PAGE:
Application of Starter Fertilizers in Corn

November 3, 2021

  • Placing small amounts of key nutrients in starter fertilizers may increase corn yield potential.

  • Starter fertilizer can help meet the early demands of seedlings until the development of plant nodal root system.

  • Fields with cool soil temperatures, low phosphorus (P) levels, soils low in organic matter, and high pH soils are more likely to show a positive response to starter fertilizer applications.


Farmers typically use starter fertilizer products that contain combinations of key plant nutrients such as nitrogen (N), phosphorus (P), potassium (K)], and sulfur (S) to improve corn early-season uptake, nutrient use efficiency, and crop growth under cool and moist soil conditions. Starter fertilizer can also increase early-season corn growth and plant height, decrease time to silk, and reduce grain moisture content. However, corn grain yield increases from starter fertilizer application can vary across production systems and growing conditions.

Key Nutrients

The macronutrients used in large amount by corn plants are N, P, and K. Generally, a starter fertilizer is used to supply N and possibly P. The addition of other nutrients should be based on the response of a corn product to starter fertilizers and soil nutrient needs driven by a soil test recommendation.

  • Nitrogen is the most limiting element in corn production and can be a beneficial part of starter fertilizer. Nitrogen is highly mobile in soil, especially under high precipitation conditions, and can be easily leached if N availability is not synchronized with crop uptake. Applying N as part of a starter fertilizer program in addition to splitting applications during crop growth can help decrease potential for leaching and denitrification in the soil.

  • Phosphorus. Phosphorus is another macronutrient found in starter fertilizers. Phosphorus can have limited movement within the soil profile, which may lead to deficiency symptoms. This makes the close proximity of starter fertilizer to the seed ideal for P applications. Starter P is especially important in soils with low P levels; however, soils with high levels of P have also shown a response to starter fertilizers.1,2 Research has shown that response to starter fertilizer application was more consistent for N alone than for P alone, but the combination of N and P was generally the most desirable option.

  • Potassium is also involved with early plant growth, but K is less common in starter fertilizers. Seedling nutrient requirements are relatively small for K, which reduces the need for K to be added in common starter fertilizer applications. However, soil K can be tied up in soil minerals and become unavailable to plants, which causes the amount of K supplied in soils to vary. Soil test results should be utilized to guide the use of K in a starter fertilizer.4

  • Other nutrients that can be used in a starter fertilizer include sulfur (S). Sulfur should be included at a rate high enough to sustain the corn crop through V5 in fields where S is low, particularly in low organic matter soils. In high yielding environment, corn may require 30 to 40 lb/acre of S. Some that can be applied as a starter and the remainder as a sidedress application3.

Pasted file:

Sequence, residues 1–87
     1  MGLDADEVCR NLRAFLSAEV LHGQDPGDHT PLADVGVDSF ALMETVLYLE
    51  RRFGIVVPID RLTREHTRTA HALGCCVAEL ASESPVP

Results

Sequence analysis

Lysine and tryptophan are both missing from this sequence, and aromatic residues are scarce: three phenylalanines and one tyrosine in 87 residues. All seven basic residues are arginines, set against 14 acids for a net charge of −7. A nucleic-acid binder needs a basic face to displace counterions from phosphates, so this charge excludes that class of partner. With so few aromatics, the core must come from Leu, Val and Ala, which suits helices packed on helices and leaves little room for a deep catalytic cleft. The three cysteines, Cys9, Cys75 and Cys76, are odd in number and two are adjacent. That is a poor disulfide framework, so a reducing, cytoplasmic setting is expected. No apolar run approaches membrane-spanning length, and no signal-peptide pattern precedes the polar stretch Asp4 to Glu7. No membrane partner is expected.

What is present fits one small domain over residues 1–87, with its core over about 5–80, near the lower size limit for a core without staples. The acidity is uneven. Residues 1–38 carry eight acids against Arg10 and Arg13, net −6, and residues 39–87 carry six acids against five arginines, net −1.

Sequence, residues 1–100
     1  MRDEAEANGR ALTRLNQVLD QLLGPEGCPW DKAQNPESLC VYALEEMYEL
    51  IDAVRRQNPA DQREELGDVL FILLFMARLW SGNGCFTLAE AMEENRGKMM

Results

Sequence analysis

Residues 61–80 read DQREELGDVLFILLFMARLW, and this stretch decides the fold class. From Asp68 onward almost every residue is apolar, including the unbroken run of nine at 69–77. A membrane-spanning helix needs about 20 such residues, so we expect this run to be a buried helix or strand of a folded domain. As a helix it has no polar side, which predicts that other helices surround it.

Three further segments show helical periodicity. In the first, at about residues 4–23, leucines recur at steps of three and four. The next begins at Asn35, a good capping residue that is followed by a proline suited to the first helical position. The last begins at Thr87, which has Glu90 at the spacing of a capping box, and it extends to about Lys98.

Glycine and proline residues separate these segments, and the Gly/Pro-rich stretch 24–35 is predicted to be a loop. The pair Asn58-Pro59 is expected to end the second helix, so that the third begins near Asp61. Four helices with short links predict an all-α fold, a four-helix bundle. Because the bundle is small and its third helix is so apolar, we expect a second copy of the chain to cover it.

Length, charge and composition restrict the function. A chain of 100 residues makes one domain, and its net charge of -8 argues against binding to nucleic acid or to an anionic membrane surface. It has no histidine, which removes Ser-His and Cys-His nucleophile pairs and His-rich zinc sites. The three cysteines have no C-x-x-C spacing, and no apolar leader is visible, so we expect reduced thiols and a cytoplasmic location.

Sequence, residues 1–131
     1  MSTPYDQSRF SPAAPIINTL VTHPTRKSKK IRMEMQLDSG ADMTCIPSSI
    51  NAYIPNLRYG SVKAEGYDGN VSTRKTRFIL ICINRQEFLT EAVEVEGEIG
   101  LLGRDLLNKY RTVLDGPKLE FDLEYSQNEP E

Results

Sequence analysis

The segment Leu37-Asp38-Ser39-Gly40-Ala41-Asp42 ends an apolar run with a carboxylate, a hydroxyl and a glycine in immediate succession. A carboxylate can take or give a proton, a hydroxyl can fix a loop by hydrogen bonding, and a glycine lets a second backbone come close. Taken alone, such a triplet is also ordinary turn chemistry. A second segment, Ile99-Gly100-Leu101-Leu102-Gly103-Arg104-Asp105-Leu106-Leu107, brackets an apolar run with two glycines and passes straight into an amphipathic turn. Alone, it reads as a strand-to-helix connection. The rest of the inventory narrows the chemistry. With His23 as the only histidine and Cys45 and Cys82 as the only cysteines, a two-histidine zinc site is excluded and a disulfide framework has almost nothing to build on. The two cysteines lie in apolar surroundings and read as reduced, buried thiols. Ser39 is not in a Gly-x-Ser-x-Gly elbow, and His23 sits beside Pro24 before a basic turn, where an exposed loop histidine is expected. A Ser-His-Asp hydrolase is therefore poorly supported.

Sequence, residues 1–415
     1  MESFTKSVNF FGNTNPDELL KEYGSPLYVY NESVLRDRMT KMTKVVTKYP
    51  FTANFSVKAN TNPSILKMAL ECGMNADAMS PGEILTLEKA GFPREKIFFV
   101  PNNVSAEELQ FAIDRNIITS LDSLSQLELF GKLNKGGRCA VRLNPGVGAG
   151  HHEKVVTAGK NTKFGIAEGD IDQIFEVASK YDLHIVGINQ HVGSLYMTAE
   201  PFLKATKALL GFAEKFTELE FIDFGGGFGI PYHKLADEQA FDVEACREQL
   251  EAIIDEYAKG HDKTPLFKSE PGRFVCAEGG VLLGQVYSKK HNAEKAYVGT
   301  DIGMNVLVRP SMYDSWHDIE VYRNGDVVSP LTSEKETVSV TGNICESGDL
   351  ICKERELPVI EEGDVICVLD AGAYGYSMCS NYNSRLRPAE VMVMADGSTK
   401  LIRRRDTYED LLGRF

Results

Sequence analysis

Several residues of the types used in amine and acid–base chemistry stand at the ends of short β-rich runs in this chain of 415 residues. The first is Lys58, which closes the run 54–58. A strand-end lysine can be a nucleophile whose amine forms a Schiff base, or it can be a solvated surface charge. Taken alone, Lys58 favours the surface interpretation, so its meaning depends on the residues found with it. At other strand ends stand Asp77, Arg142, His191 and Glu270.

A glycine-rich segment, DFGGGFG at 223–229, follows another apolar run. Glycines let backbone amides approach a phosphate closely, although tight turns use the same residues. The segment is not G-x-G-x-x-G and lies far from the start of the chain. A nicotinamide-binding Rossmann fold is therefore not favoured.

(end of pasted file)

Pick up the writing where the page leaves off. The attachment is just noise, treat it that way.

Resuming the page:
Starter Fertilizer Placement

The most common and recommended starter fertilizer placement is 2 inches to the side and 2 inches below the kernel at planting (2-by-2 band). Placed in this manner, the possibility of fertilizer injury to the seed is reduced (Figure 1). However, applying a 2-by-2 band may require additional investment to equip planters and a slower planting speed. These drawbacks, plus the availability of low-salt fertilizers, have led to an interest in furrow placed fertilizers. Direct placement of starter fertilizer with the seed, also known as in-furrow or pop-up placement, is practical and economical for growers with a corn or corn-cotton system because growers typically use in-furrow equipment for insecticide and fungicide applications. Since the seed has direct contact with the starter fertilizer, care must be taken to keep rates low enough to avoid fertilizer injury to the seed.

Figure 1. 2 x 2 application illustration for starter fertilizer.
Figure 1. 2 x 2 application illustration for starter fertilizer.


Solid and fluid forms of starter fertilizer exist and if applied at similar rates and placement, provide the same results. Liquid fertilizers can be applied at lower quantities than dry forms and the effect of the nutrients when they are applied at the same rate per acre is the same. While liquid forms are more expensive than dry materials, if applied accurately and at the lower quantity, they can be cost effective. An economical, high-quality, complete fertilizer containing N and P can work as a starter fertilizer. In general, a fertilizer with a high P ratio (1-2-1, 1-3-1, etc.) in a highly water-soluble form and combined with ammonium nitrogen can be used. If applying in-furrow, recommended rates are 4 to 5 gallons per acre. Formulations may change based on availability and if other nutrients are added. Monoammonium phosphate (MAP 11-52-0) based materials are good choices, and ammonium polyphosphate (APP 10- 34-0) is also a widely used liquid starter fertilizer. Starter fertilizers containing only N may be sufficient for soils regularly applied with livestock or poultry manure, as those soils may already contain high levels of P. Diammonium phosphate (DAP; 18-46-0) and especially products containing urea (46-0-0) may cause injury at higher rates and if placed close to the seed.

Soil Analysis